Dealers Clay Cooley and Jason Kuhn are contrarians: They have been buying Volkswagen dealerships despite the company's slumping sales and its ongoing scandal over diesel-emissions cheating.
Cooley, who owns Clay Cooley Auto Group in Dallas, bought two Volkswagen stores last month.
Kuhn, president of Kuhn Automotive Group of Tampa, Fla., which already owned two VW stores, bought another in Atlanta in January 2015 and will break ground in “a few months” for a VW store in Columbus, Ohio, aiming to open it in the second quarter of 2017.
And they're not done. Each dealer wants to own more VW stores, even as buy-sell advisers have downgraded the value of the brand's stores to practically nothing.
“The pendulum has swung too far,” Kuhn said. “Valuations for VW stores have come down to a point where they are a screaming 'buy' for us.”
Kuhn admits: “Volkswagen has work to do to get past the financial issues caused by this crisis, repairing U.S. consumers' perception of the brand and to rectify the damage done to the brand by the diesel fraud. It won't be easy.”
But he believes VW will do exactly that, which is why he's willing to “take the risk to continue to invest our money behind the VW name.”
That risk is mitigated by the fact that Cooley and Kuhn can look beyond new-car sales to make a living. Both are known for their used-car sales savvy — used vehicles outsold new ones 2-to-1 at one of Kuhn's VW stores last year, for example — and strong service businesses. They view VW stores as moneymakers in those areas until the brand fixes its problems and its new-vehicle sales rebound.
VW's diesel-emissions scandal erupted in September. Some 580,000 U.S. vehicles have been identified as having been equipped with “defeat devices” that allow them to pass laboratory emissions tests despite exceeding federal standards when they are driven on roads.
The scandal has made many VW stores difficult to sell. Many dealers worry about the financial impact the scandal will have on VW and the ding to its image. VW brand's new-vehicle U.S. sales through March slumped 13 percent in a light-vehicle market that rose 3.3 percent. In 2015, VW's sales slid 4.8 percent against a 5.7 percent market gain.
Light blue sky
Dealers who want to sell a VW store can expect to receive little, if any, blue sky, the intangible value of a dealership beyond its hard assets, buy-sell advisers say. For example, Alan Haig, of Haig Partners in Fort Lauderdale, Fla., has VW's blue sky listed as a flat dollar amount — not the traditional multiple of earnings — because the brand is worth so little. Haig lists it at $0 to $2 million per store.
Still, Haig said, “One man's trash is another man's treasure.”
He said some dealers have “had enough” and are looking to sell. Some East Coast dealers are even charging only for the real estate and assets and still struggle to unload their stores.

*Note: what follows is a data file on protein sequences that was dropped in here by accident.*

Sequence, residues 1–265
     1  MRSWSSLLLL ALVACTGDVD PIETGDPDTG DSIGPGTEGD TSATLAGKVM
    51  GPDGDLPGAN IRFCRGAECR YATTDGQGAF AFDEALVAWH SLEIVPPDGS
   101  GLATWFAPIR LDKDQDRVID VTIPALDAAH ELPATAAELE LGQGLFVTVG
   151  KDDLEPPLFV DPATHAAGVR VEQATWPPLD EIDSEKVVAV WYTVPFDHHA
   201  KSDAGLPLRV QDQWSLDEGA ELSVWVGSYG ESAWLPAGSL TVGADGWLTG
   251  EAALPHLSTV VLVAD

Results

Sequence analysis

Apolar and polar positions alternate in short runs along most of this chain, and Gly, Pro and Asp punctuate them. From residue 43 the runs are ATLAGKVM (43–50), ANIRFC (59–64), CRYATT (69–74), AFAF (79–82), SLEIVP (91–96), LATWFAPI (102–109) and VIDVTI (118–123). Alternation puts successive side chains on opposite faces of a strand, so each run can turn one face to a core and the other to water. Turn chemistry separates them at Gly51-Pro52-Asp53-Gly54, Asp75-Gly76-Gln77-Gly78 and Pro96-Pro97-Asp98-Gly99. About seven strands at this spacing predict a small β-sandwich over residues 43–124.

“But others believe they'll make a great return in today's market,” Haig said. “They can buy in low.”
Kuhn, a fan of Wall Street value investor Warren Buffett, said: “Buffett built a company by taking advantage of the buying cycle, and this is a good time, with the VW brand, to buy low.”
Last year, Kuhn Volkswagen of Marietta, Ga., sold about 500 new vehicles and 1,000 used. Kuhn expects the Ohio VW point to sell about 700 new and 1,200 used vehicles a year.
“After we have Columbus built out, we will have about $60 million invested in the brand,” Kuhn said. Until VW gets its ship righted, Kuhn will lean on used-car sales.
“We've always been very good used-car dealers,” Kuhn said. “The pre-owned end of the business has been integral for us. As a VW dealer today, it's become a bigger part of the business.”
Get up, sell
Cooley bought Clay Cooley Volks-wagen of Richardson and Clay Cooley Volkswagen of Park Cities, both near Dallas, in mid-March because he liked the high-traffic locations and is bullish on the brand's ability to rebound.
A source familiar with the deal said AutoNation Inc. sold him the stores. A spokesman for AutoNation declined to comment. Cooley declined to name the seller or discuss terms of the deal, other than to confirm he paid a blue-sky value because “we're in Dallas.”
Cooley owns two Nissan, one Chrysler-Jeep-Dodge-Ram, one Chevrolet, one Kia, one Mitsubishi and two Volkswagen stores, all in Texas, as well as a Toyota-Scion store in Missouri. About 60 percent of his group's roughly 25,000 vehicles retailed last year were new vehicles. He said he expects the VW stores to add about 3,600 new and used sales to the company this year.
Cooley has a history of doing things differently yet surviving. He started as a dealer 18 years ago, selling used cars on a dirt lot. He got his first new-car franchise, Isuzu, in 2003. But he didn't have enough cash to close that deal, so he put $300,000 on credit cards.
“But I don't look at it as risk,” Cooley said. “I just get up every morning and sell cars.”
The only time Cooley was nervous was in 2009, he said. He owned a Buick-Pontiac-GMC store and a Chevrolet store. General Motors, then in Chapter 11 bankruptcy, was terminating dealerships.
Cooley survived, but the experience taught him how to be profitable when an automaker is in the pits. “I was selling 80 percent used and 20 percent new. I was really focused on the used,” Cooley said.
He applies that lesson to his current VW stores. “I'm concentrating on the new-car sales and building my fixed operations,” he said. “But if I can't get the new-car sales volume, I can always pick it up on used.”